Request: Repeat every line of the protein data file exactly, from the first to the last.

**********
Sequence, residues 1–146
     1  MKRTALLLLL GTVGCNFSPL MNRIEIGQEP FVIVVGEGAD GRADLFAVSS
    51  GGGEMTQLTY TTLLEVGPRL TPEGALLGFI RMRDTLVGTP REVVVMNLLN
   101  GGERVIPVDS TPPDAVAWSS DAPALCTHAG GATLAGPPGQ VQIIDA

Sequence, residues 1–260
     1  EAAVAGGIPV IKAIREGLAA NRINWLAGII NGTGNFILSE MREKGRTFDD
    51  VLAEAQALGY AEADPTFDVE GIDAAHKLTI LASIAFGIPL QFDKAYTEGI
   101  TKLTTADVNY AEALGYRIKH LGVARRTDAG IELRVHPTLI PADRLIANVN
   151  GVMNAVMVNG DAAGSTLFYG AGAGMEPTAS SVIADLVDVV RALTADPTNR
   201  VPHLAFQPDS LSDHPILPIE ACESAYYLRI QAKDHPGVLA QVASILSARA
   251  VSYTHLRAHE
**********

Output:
Sequence, residues 1–146
     1  MKRTALLLLL GTVGCNFSPL MNRIEIGQEP FVIVVGEGAD GRADLFAVSS
    51  GGGEMTQLTY TTLLEVGPRL TPEGALLGFI RMRDTLVGTP REVVVMNLLN
   101  GGERVIPVDS TPPDAVAWSS DAPALCTHAG GATLAGPPGQ VQIIDA

Sequence, residues 1–260
     1  EAAVAGGIPV IKAIREGLAA NRINWLAGII NGTGNFILSE MREKGRTFDD
    51  VLAEAQALGY AEADPTFDVE GIDAAHKLTI LASIAFGIPL QFDKAYTEGI
   101  TKLTTADVNY AEALGYRIKH LGVARRTDAG IELRVHPTLI PADRLIANVN
   151  GVMNAVMVNG DAAGSTLFYG AGAGMEPTAS SVIADLVDVV RALTADPTNR
   201  VPHLAFQPDS LSDHPILPIE ACESAYYLRI QAKDHPGVLA QVASILSARA
   251  VSYTHLRAHE